Photo of Stephen McConnell

Patora v. Vi-Jon, LLC, 2023 U.S. Dist. LEXIS 153421 (S.D.N.Y. Aug. 30, 2023), is a typical express preemption decision resulting in dismissal of a typical consumer protection-based purely economic loss class action against an over the counter (OTC) product.  The plaintiffs, suing on behalf of a putative class, alleged that they purchased an OTC

Photo of Bexis

We’ve already written at some length about the appellate decision in Atchley v. AstraZeneca UK Ltd., 22 F.4th 204 (D.C. Cir. 2022), which we considered a wrong-headed application of the Anti-Terrorism Act of 1992 (“ATA”), 18 U.S.C. §2333 – seeking recovery, not from any terrorist or terrorist affiliate, but rather against major pharmaceutical companies.  We won’t go into the allegations again, but in one sentence, the claim is:  that the Iraqi government’s health department was overrun by terrorists, and because the terrorists allegedly made money demanding prescription drugs as bribes and reselling the drugs for a profit, the various pharmaceutical defendants were liable “sponsoring” terrorism and for “aiding and abetting” simply because they transacted with the health department of government of Iraq (a United States ally at the time).

Anyway, a couple of months ago the United States Supreme Court decided Twitter, Inc. v. Taamneh, 143 S. Ct. 1206 (2023) (“Taamneh”), and Gonzalez v. Google LLC, 143 S. Ct. 1191 (2023).  While these decisions didn’t turn into the expected §230 immunity showdown some had expected, see Gonzalez, 143 S. Ct. at 1192 (“plaintiffs’ complaint − independent of §230 − states little if any claim for relief”), Taamneh did address the concept of aiding and abetting in the ATA context.Continue Reading Here’s Hoping….

Photo of Stephen McConnell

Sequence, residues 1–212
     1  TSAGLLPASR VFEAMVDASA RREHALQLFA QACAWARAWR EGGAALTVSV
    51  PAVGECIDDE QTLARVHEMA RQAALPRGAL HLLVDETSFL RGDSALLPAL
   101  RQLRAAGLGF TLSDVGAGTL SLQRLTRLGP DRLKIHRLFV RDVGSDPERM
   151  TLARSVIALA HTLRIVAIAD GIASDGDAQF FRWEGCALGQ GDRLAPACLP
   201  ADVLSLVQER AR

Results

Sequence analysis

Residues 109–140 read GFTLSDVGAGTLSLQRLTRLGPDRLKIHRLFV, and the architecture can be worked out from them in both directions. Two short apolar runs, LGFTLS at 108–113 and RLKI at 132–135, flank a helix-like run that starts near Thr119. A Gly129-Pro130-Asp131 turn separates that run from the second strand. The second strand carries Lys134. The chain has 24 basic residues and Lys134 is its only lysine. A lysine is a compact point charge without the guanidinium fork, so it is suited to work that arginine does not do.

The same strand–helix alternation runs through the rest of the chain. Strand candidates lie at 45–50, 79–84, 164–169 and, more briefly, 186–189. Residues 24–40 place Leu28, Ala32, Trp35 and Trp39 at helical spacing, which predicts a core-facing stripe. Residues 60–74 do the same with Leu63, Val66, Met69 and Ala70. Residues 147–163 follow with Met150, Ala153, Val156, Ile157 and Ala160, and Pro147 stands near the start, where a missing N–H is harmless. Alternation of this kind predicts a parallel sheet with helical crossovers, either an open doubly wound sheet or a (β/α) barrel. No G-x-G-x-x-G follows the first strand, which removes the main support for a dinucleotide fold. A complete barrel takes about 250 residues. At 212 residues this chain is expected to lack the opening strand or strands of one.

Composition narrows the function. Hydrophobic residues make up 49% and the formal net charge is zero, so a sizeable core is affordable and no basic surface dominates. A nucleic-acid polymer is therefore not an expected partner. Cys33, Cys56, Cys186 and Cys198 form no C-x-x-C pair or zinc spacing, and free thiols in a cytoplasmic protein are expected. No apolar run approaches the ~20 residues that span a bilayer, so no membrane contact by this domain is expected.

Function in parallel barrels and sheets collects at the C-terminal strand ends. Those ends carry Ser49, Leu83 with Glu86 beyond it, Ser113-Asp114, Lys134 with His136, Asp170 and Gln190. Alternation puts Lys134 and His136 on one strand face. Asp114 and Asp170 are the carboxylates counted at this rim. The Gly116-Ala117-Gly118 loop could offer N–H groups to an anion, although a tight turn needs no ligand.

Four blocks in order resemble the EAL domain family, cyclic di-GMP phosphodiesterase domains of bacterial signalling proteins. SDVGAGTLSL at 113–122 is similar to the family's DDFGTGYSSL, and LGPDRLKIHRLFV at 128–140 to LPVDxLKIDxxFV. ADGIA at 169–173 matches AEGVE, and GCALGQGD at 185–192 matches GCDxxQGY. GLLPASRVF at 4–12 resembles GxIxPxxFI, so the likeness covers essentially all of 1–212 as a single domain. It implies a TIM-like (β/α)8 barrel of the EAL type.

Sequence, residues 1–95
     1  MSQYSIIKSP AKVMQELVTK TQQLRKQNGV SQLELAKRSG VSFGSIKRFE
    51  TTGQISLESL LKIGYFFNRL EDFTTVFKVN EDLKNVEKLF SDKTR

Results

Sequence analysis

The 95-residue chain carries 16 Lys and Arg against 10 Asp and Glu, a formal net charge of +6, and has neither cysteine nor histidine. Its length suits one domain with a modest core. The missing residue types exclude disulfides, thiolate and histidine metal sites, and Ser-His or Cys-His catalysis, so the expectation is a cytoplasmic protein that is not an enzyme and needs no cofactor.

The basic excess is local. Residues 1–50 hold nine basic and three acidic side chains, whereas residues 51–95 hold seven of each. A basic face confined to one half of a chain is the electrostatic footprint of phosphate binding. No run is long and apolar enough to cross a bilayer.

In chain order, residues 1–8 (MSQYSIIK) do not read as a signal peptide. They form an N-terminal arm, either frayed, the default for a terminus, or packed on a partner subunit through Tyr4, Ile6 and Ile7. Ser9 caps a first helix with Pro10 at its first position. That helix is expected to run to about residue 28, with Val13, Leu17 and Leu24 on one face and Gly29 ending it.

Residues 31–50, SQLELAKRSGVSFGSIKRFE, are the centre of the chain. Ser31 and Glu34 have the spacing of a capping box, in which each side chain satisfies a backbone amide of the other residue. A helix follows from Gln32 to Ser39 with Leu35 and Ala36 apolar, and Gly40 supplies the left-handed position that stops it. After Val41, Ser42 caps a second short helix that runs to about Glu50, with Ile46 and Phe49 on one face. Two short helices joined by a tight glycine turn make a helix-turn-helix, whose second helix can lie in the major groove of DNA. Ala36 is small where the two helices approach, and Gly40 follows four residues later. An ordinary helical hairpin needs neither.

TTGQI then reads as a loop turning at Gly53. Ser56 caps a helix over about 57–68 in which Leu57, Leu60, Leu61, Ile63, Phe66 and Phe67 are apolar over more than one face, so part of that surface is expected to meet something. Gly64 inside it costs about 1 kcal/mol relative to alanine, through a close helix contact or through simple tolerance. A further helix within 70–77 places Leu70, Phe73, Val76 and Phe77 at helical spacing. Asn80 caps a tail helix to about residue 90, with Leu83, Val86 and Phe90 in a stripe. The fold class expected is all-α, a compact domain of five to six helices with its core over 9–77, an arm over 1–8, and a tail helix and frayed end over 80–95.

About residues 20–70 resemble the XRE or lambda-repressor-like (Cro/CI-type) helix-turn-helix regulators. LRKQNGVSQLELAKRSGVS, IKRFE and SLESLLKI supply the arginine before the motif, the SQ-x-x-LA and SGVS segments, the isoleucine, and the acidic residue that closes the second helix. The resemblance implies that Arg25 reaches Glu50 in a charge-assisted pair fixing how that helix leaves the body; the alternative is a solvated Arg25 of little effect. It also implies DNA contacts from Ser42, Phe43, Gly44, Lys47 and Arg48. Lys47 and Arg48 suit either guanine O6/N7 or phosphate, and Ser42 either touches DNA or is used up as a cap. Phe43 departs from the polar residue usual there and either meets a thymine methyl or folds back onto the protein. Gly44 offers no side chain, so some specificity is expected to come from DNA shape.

Corporate defendants do not always enjoy being in St. Louis.  We don’t mean that as a knock on the Gateway Arch or the superb zoo or the excellent food options or even (grrrr) “baseball heaven.” We mean that St. Louis City Court is singularly inhospitable to tort defendants.  The advance sheets are full of big (in

Photo of Andrew Tauber

The case we discuss today, Doe v. Ladapo, 2023 WL 3833848 (N.D. Fla. 2023), appeared in our daily search results because it briefly addresses off-label use of prescription drugs. Invalidating a state statute that would have prohibited a particular off-label use, the court explained that “[o]ff-label use of drugs is commonplace” and the fact

Photo of Bexis

Dupree v. Younger, ___ S. Ct. ___, 2023 WL 3632755 (U.S. May 25, 2023), has nothing whatever to do with drugs, or devices, or product liability, but we bring it to our readers’ attention because of what it has to say about federal appellate procedure.  In Dupree, a §1983 action, the defendant sought summary judgment for the plaintiff’s alleged failure to exhaust administrative remedies – and lost.  Then the defendant went to trial, and lost again.  Id. at *2-3.

Then the defendant appealed.  But – oops – the defendant did not raise the exhaustion issue in his post-trial motion under Fed. R. Civ. P. 50(a).  Id. at *3.  In the Fourth Circuit, failure to renew any issue, even a purely legal one like exhaustion, on a Rule 50(a) post-trial motion waived that issue.  Varghese v. Honeywell International, Inc., 424 F.3d 411, 422-23 (2005).

Not anymore.Continue Reading Supreme Court Eliminates Appellate Procedure Trap for the Unwary

Photo of Michelle Yeary

There are approximately 1.4 million people currently serving in the United States military and 16.5 million US military veterans—and we thank them all for their service.  In prescription medical product liability litigation, especially in MDLs and mass torts, that means defendants are more likely than not to run into plaintiffs who received at least some

Photo of Bexis

Some things make sense only in the topsy-turvy, litigate-everything-to-death world of multidistrict litigation.  One recent example is In re Taxotere (Docetaxel) Products Liability Litigation, 2023 WL 2982464 (E.D. La. March 8, 2023), where MDL-related considerations led a defendant to oppose a plaintiff’s motion for voluntary dismissal with prejudice.

Why?  Think chess.  In MDLs the other side treats plaintiffs like pawns, regularly sacrificing them in the hope of putting one or more defendants in zugzwang (a chess term for forcing an adverse move).  That’s what happened in TaxotereContinue Reading Only in an MDL….

Photo of Steven Boranian

Personalized medicine is the wave of the future.  Whether treating disease or prescribing medical devices (or both), medical practitioners are taking individualized patient characteristics into account more and more as they treat their patients.  Cancer therapy can now be targeted at the genetic level, and some medical devices can now be created to match patient